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#109 Gabriel García Márquez: Of Love and Other Demons

Gabriel García Márquez: Of Love and Other Demons

Paperback: 176 pages
Publisher: Penguin Books Ltd; New Ed edition (27 Jun 1996)
Translator: Edith Grossman
ISBN-10: 014024669X
Category(ies): Magical realism

Set in the mid 18th Century, this novel takes place in an unspecified Latin American port, one to which the annual Galleon Fleet is a visitor, and one in which the Marquis of Caselduero (and Lord of Darien) and his wife Bernarda are somehow raising their 12 year old daughter. Or rather, the household slaves are raising the daughter, teaching her their various African languages and other skills, because her parents pay her as little attention as they pay each other. When she gets bitten by a dog that proves to have rabies, it starts a whole set of events that leads to her death.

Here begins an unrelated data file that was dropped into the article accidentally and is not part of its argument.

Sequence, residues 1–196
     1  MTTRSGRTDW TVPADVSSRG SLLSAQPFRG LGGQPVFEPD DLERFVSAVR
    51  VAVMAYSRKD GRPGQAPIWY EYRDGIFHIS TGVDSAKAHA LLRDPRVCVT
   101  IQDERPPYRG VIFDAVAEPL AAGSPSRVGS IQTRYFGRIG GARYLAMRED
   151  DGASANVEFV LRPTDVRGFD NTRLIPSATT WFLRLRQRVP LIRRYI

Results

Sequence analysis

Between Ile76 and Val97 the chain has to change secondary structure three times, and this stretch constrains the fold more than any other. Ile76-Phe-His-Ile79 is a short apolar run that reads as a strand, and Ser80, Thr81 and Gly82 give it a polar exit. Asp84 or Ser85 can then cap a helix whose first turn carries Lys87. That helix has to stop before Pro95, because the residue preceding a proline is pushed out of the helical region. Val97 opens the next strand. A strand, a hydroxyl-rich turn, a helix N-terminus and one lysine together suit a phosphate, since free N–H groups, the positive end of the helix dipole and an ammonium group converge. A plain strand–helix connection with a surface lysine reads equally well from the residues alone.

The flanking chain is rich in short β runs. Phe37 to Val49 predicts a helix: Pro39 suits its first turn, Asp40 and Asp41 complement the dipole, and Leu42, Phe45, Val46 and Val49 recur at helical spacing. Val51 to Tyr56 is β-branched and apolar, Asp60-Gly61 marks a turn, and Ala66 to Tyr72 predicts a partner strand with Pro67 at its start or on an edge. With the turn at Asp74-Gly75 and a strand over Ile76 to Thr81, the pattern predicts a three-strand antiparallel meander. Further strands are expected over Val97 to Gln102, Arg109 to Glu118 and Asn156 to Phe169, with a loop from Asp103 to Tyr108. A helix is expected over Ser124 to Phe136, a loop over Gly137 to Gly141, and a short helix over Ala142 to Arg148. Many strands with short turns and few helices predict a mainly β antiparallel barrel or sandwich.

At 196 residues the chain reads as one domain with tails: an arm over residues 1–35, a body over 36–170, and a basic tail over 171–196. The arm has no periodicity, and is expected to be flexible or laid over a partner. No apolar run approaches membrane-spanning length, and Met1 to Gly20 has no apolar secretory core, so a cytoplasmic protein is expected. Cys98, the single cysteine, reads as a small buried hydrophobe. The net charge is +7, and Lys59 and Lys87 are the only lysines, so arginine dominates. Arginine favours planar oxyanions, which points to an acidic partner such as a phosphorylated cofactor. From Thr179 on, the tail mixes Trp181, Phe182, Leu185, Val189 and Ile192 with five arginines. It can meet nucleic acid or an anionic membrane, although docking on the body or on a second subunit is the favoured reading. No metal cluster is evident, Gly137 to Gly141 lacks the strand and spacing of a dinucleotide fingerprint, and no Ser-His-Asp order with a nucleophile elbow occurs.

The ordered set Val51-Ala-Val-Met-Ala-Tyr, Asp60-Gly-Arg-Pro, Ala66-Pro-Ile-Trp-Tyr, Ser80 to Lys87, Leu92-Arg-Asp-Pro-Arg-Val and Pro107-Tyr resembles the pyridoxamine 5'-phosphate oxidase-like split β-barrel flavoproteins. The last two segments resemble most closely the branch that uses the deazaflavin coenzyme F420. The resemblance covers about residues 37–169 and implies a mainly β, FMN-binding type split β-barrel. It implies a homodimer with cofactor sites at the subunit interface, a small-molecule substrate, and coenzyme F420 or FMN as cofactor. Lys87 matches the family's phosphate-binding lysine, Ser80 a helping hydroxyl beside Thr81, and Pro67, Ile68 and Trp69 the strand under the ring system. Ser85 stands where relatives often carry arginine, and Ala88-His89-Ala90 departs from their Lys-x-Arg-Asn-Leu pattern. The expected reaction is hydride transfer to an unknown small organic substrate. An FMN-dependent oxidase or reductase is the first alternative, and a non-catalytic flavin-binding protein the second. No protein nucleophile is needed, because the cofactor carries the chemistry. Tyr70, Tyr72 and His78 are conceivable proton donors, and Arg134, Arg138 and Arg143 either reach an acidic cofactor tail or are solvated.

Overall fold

García Márquez is the master of a lethargic prose. Somehow, everything slowly runs down, even the most noble of initiatives leads to nothing, and in the end, the best one can expect is a quiet death. Perhaps one particular snippet can give a flavour of this:
He stood without haste, put the chair back in its place, and left the way he had come, not saying goodbye and not carrying a light. All that remained of him — a skeleton eaten away by turkey buzzards — was found two summers later on a path leading nowhere.
Brief, yet complete.
Tags: books, reviews

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